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The University of Saskatchewan's Universal Bus Pass Negotiations
Author: Anna Krutova, Caroline Beck, Claire Gosselin
Publication Date: 2015
In the fall of 2012, upon successful implementation of a universal bus pass at the undergraduate level, several graduate students at the University of Saskatchewan (Saskatoon, SK, Canada) decided to take initiative and advocate for a universal transit pass (U-Pass) contract for the graduate student body. They approached the Graduate Student Association (GSA) to develop a student group who would lead the initiative and manage negotiations for a U-Pass with the City of Saskatoon. Bargaining with City Council was completed and a price point for a mandatory graduate student U-Pass determined.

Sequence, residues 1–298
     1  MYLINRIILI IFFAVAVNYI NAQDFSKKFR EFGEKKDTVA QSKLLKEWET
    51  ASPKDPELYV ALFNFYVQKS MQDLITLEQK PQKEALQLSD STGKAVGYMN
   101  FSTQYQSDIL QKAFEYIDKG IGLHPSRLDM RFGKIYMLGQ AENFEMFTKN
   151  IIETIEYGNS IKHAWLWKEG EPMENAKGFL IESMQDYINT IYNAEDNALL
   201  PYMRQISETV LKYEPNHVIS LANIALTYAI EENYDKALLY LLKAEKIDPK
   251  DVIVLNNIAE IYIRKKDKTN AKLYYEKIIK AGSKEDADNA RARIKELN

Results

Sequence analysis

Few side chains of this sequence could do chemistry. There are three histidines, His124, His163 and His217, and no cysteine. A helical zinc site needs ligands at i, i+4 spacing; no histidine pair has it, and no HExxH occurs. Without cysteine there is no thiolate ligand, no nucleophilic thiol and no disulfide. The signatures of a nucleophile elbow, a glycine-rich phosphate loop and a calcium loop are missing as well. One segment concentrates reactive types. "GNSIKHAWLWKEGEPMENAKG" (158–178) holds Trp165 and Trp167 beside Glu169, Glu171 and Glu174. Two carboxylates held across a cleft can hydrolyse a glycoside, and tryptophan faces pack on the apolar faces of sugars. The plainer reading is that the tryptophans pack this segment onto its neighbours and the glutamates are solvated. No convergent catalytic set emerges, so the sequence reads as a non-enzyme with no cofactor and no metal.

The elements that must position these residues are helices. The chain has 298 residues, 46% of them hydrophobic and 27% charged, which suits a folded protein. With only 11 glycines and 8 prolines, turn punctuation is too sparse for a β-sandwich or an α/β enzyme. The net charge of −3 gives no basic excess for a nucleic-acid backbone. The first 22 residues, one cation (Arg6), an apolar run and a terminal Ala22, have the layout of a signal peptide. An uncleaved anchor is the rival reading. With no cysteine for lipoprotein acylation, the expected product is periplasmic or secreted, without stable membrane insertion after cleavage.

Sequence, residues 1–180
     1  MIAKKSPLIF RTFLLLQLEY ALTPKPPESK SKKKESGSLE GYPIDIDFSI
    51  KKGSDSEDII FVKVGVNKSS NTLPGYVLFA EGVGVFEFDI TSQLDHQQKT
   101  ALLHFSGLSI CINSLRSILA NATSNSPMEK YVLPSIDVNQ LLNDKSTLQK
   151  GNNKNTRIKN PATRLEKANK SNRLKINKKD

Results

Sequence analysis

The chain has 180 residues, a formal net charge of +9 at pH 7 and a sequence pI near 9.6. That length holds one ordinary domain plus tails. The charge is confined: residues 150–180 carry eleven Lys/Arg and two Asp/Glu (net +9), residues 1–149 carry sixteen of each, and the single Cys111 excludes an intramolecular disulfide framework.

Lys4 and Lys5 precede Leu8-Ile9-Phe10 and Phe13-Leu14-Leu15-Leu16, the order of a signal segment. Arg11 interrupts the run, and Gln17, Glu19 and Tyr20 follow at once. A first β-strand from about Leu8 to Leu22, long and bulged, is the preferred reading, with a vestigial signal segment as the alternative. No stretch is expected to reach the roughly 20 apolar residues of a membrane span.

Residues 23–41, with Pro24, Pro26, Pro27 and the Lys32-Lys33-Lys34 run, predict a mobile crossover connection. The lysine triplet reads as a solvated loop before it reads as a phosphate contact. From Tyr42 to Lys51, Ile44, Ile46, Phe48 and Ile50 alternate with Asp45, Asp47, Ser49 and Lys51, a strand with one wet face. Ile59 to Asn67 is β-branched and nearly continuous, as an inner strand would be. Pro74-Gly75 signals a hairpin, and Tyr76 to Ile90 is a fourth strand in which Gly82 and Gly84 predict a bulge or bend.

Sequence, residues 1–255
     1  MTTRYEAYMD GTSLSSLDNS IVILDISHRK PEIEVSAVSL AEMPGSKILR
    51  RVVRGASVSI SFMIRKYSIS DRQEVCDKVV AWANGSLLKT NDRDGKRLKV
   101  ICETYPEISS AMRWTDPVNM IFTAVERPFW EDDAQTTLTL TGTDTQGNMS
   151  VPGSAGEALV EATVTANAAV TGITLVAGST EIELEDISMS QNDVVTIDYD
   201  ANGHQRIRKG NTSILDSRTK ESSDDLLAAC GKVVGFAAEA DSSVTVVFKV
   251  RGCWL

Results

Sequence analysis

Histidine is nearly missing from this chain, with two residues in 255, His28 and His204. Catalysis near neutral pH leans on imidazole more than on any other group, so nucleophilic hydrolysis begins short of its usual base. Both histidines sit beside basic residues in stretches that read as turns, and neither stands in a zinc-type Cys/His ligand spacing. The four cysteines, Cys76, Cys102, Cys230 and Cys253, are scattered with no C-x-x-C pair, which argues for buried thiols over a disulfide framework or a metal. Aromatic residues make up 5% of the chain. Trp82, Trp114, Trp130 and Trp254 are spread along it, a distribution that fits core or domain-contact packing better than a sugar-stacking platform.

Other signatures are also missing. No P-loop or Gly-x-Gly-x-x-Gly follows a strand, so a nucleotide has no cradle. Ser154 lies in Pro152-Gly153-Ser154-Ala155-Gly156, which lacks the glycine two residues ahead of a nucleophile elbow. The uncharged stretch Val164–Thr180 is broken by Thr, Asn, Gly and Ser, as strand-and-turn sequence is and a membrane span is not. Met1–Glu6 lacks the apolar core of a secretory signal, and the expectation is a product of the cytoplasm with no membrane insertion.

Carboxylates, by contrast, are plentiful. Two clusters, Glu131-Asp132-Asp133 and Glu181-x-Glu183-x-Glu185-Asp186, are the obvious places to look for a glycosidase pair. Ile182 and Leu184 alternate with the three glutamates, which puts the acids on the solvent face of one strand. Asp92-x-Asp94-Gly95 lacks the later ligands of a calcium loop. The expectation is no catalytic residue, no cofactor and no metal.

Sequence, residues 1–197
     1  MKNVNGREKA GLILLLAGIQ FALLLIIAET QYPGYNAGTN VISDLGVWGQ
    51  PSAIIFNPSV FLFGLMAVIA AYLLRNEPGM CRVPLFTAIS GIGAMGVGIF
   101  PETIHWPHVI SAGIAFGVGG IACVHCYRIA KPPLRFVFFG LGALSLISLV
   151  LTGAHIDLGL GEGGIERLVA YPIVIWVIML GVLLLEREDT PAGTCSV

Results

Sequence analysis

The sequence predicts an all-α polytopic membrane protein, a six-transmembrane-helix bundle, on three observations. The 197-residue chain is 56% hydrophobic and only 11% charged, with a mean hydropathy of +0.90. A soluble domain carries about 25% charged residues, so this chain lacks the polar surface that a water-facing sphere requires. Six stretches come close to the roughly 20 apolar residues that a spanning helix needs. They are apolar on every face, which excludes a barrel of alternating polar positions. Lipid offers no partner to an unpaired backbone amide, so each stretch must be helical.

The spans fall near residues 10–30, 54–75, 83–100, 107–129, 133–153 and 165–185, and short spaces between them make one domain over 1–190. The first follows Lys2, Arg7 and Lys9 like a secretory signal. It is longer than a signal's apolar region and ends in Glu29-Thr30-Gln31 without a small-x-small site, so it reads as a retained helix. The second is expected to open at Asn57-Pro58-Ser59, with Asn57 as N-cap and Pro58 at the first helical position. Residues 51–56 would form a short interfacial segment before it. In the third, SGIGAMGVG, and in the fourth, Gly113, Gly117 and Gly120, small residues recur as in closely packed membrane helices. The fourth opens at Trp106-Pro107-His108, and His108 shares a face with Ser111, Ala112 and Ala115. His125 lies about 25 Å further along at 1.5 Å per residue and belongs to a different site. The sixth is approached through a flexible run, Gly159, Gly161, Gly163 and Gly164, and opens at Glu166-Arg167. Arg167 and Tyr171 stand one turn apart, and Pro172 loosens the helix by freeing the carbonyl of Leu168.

The U-Pass agreement became unfavourable for a number of students, especially those unable or unlikely to use the U-Pass. However, the city required a mandatory opt-in policy for all students to negotiate a fair price point. Opt-outs were already tabled, according to standard policy in other jurisdictions. Student opt-outs were permitted for those (1) living in on-campus residence, (2) living outside city limits, (3) taking classes online, or (4) taking classes outside city. While many students strongly supported the U-Pass movement, others had no interest in paying for a service they did not intend to use. Two distinct 'camps' emerged among graduate students which ultimately led to protests, social media debates, and significant attention within the University. The issue reached a highly contentious tipping point in February 2013.
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